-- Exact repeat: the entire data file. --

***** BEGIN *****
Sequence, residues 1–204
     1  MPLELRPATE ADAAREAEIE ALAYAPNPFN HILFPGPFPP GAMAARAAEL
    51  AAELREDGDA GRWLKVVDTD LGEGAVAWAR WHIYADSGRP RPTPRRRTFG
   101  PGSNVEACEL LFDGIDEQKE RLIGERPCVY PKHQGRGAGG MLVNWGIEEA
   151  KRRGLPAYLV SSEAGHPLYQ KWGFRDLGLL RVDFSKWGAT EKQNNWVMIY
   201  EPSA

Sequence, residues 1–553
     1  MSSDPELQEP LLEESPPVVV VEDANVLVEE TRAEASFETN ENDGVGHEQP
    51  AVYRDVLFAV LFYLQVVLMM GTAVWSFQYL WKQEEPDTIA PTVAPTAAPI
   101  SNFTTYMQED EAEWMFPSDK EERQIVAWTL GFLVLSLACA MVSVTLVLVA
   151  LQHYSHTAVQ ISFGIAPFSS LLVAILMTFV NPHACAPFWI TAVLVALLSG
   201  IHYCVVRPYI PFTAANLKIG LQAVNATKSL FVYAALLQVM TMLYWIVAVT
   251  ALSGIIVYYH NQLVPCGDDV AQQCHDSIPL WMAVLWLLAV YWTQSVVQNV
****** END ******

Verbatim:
Sequence, residues 1–204
     1  MPLELRPATE ADAAREAEIE ALAYAPNPFN HILFPGPFPP GAMAARAAEL
    51  AAELREDGDA GRWLKVVDTD LGEGAVAWAR WHIYADSGRP RPTPRRRTFG
   101  PGSNVEACEL LFDGIDEQKE RLIGERPCVY PKHQGRGAGG MLVNWGIEEA
   151  KRRGLPAYLV SSEAGHPLYQ KWGFRDLGLL RVDFSKWGAT EKQNNWVMIY
   201  EPSA

Sequence, residues 1–553
     1  MSSDPELQEP LLEESPPVVV VEDANVLVEE TRAEASFETN ENDGVGHEQP
    51  AVYRDVLFAV LFYLQVVLMM GTAVWSFQYL WKQEEPDTIA PTVAPTAAPI
   101  SNFTTYMQED EAEWMFPSDK EERQIVAWTL GFLVLSLACA MVSVTLVLVA
   151  LQHYSHTAVQ ISFGIAPFSS LLVAILMTFV NPHACAPFWI TAVLVALLSG
   201  IHYCVVRPYI PFTAANLKIG LQAVNATKSL FVYAALLQVM TMLYWIVAVT
   251  ALSGIIVYYH NQLVPCGDDV AQQCHDSIPL WMAVLWLLAV YWTQSVVQNV